the curious curious paradox of the
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    Prader-Willi and Angelman Syndromes.
    Two quite different diseases caused by
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    exactly the same genetic fault. When
    Pembrey looked at the inheritance
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    patterns for the conditions, he noticed
    something even stranger...
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    What really mattered was the origin of
    the chromosome 15 that had the deletion.
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    If the deletion was one the chromosome 15
    that the child inherited from the father,
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    then you had Prader-Willi Syndrome. If the
    deletion was inherited from the mother,
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    then you the Angelman Syndrome.
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    It was a complete surprise that the same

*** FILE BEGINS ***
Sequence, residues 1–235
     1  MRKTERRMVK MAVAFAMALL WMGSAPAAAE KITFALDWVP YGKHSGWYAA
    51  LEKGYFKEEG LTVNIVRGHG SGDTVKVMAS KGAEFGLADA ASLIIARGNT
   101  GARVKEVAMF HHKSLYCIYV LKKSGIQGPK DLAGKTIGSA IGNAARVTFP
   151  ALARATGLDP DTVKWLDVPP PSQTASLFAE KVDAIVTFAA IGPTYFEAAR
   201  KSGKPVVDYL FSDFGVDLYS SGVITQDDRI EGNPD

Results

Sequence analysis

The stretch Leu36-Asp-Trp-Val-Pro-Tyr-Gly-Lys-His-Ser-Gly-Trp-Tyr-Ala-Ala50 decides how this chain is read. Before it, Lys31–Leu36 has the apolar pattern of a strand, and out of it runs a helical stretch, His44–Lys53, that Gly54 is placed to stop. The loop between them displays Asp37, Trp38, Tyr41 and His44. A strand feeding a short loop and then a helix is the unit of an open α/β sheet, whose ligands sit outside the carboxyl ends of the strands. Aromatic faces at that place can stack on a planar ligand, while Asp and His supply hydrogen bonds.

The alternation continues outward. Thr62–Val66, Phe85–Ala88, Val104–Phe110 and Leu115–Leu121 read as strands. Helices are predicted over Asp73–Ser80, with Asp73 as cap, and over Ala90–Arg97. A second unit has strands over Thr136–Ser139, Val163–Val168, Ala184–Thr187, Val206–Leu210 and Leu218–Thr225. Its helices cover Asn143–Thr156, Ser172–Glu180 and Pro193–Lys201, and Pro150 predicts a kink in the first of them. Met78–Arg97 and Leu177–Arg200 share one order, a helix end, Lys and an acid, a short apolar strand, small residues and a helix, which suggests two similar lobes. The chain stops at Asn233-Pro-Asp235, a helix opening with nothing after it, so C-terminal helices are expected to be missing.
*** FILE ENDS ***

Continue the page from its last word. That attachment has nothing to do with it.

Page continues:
missing strip of DNA could cause one
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    disease when it came from the mother, and
    a completely different disease when it
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    came from the father. It's as if the genes knew
    where they came from.
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    You're got a developing fetus manifesting
    this condition, how does the chromosome

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    15 know where it came from? There must
    have been a tag or imprint impressed on
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    that chromosome during egg or sperm
    formation in the previous generation to
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    say "hi, I came from mother," or "I came
    from father" and we are functioning
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    differently. And that is the key, although
    the DNA sequences the same, the
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    different sets of genes were being silenced
    depending on if they came from the
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    mother or the father.
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    It showed there was clearly more to
    inheritance than simply the coded DNA.
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    We then realized we were dealing with
    what is now known as genomic imprinting.
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    What genomic imprinting means, is in a
    nutshell, genes have a memory of where
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    they came from.
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    Something other than just the DNA was
    capable of moving between generations.